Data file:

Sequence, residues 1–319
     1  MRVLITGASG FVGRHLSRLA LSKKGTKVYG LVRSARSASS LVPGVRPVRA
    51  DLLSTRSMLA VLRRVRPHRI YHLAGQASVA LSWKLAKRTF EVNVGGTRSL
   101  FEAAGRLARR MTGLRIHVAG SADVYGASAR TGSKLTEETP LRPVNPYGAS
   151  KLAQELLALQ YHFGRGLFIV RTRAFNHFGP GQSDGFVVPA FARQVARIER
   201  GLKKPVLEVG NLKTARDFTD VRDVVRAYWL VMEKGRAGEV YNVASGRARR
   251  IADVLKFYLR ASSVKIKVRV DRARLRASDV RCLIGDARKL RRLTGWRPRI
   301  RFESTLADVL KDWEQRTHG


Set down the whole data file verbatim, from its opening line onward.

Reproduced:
Sequence, residues 1–319
     1  MRVLITGASG FVGRHLSRLA LSKKGTKVYG LVRSARSASS LVPGVRPVRA
    51  DLLSTRSMLA VLRRVRPHRI YHLAGQASVA LSWKLAKRTF EVNVGGTRSL
   101  FEAAGRLARR MTGLRIHVAG SADVYGASAR TGSKLTEETP LRPVNPYGAS
   151  KLAQELLALQ YHFGRGLFIV RTRAFNHFGP GQSDGFVVPA FARQVARIER
   201  GLKKPVLEVG NLKTARDFTD VRDVVRAYWL VMEKGRAGEV YNVASGRARR
   251  IADVLKFYLR ASSVKIKVRV DRARLRASDV RCLIGDARKL RRLTGWRPRI
   301  RFESTLADVL KDWEQRTHG